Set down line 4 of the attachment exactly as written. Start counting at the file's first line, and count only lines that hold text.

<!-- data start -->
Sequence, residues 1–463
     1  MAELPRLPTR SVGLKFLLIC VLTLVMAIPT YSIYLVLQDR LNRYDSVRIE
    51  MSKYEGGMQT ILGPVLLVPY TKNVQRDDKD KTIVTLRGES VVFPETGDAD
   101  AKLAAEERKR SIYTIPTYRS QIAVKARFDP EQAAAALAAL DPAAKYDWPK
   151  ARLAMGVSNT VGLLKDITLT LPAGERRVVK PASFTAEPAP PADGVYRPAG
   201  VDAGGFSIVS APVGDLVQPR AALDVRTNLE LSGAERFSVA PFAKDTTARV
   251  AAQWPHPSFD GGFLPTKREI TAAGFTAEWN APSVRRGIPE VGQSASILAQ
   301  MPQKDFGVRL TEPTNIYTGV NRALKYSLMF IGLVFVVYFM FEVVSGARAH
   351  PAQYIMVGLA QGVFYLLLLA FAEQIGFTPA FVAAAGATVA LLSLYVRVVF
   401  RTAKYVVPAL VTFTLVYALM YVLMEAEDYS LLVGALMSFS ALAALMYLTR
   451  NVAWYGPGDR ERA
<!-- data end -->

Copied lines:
   101  AKLAAEERKR SIYTIPTYRS QIAVKARFDP EQAAAALAAL DPAAKYDWPK